For a nail-biting hour and 20 minutes, NASA lost contact yesterday afternoon July 4 with the New Horizons spacecraft just 9 days before its encounter with Pluto. Communication has since been reestablished and the spacecraft is healthy.
(UPDATE July 6: Great news! The mission will return to normal science operations July 7 – more details below.)
At 1:54 p.m. EDT, communications suddenly stopped and weren’t reestablished until 3:15 p.m. through NASA’s Deep Space Network. During the time it was out of contact with mission control, the spacecraft’s autonomous autopilot recognized the problem and did what it was programmed to do, switching from the main to the backup computer, according to NASA officials. The autopilot then commanded the backup computer to put New Horizons in “safe mode” — where all non-essential functions are shut down — and reinitiate communications with Earth.
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Success! We’re now back in touch with the spacecraft and engineers are monitoring telemetry to figure out what went wrong. New Horizons is presently almost 3 billion miles (4.9 billion km) from Earth. Due to the 8.8 hour, round trip communication delay, full recovery is expected to take from one to several days. During that time New Horizons will be unable to collect science data.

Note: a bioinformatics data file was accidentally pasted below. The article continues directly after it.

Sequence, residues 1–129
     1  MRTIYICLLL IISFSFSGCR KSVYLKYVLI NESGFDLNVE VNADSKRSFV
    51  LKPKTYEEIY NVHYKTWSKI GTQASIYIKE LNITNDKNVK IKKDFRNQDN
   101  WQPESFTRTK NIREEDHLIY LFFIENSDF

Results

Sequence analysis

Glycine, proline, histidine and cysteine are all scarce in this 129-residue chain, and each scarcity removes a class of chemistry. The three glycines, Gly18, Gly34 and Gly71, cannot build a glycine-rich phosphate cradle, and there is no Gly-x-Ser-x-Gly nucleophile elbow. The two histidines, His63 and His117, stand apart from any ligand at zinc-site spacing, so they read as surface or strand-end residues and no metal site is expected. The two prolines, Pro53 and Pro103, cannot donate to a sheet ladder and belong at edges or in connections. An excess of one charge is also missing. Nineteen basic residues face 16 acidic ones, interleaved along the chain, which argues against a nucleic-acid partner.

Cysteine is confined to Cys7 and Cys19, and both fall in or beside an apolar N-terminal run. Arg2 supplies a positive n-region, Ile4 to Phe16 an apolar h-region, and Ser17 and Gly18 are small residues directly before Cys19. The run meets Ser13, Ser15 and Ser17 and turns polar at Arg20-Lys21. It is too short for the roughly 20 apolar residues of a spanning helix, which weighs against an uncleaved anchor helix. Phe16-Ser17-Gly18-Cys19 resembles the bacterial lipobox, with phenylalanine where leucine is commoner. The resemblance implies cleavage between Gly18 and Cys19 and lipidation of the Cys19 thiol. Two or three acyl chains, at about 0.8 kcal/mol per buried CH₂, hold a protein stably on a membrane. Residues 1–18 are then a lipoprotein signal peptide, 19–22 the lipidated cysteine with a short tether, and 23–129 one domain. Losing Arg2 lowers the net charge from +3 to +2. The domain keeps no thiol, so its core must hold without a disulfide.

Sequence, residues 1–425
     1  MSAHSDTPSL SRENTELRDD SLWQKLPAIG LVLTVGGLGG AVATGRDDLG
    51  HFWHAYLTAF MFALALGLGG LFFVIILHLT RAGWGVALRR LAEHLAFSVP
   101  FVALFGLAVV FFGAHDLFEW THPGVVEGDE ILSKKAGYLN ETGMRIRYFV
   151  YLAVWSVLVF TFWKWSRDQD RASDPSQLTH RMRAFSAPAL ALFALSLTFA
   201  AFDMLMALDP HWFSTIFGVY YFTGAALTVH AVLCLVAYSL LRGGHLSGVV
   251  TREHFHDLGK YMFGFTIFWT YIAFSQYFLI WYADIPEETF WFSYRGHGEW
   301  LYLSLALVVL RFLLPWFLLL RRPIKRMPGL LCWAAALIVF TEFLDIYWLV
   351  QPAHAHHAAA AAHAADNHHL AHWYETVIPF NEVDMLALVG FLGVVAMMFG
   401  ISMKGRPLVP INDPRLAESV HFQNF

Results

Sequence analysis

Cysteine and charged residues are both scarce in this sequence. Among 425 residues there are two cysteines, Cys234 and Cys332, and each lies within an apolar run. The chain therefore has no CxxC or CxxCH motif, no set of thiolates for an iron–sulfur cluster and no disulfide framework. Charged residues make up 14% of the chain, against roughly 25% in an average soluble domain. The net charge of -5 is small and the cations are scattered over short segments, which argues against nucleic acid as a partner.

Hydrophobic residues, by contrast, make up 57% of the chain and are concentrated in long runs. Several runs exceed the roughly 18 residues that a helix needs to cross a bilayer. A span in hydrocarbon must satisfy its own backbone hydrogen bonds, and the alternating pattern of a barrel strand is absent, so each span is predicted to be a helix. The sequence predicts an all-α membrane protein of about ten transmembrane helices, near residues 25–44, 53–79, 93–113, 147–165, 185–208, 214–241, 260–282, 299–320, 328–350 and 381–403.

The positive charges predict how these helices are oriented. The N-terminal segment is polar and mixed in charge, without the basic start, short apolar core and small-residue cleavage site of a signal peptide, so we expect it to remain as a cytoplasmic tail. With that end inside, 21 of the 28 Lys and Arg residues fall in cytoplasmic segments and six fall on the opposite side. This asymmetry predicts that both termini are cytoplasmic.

If there’s any upside to this, it’s that it happened now instead of 9 days from now. On July 14 at 7:49:57 a.m. EDT the spacecraft will pass closest to Pluto.
Check back for updates. In the meantime, you can watch a live connection between New Horizons and the Deep Space Network. The probe is labeled NHPC and the dish 63 (first entry).
UPDATE: July 6. NASA announced earlier this morning that has concluded the glitch that caused the New Horizons spacecraft to go into safe mode was not due to a software or hardware fault.
“The underlying cause of the incident was a hard-to-detect timing flaw in the spacecraft command sequence that occurred during an operation to prepare for the close flyby. No similar operations are planned for the remainder of the Pluto encounter,” according to a NASA release.
No primary science will be lost and secondary goals were only slightly compromised. Mission control expects science operations to resume on July 7 and to conduct the entire close flyby sequence as planned.
“In terms of science, it won’t change an A-plus even into an A,” said New Horizons Principal Investigator Alan Stern.
Whew! What a sense of relief. Onward!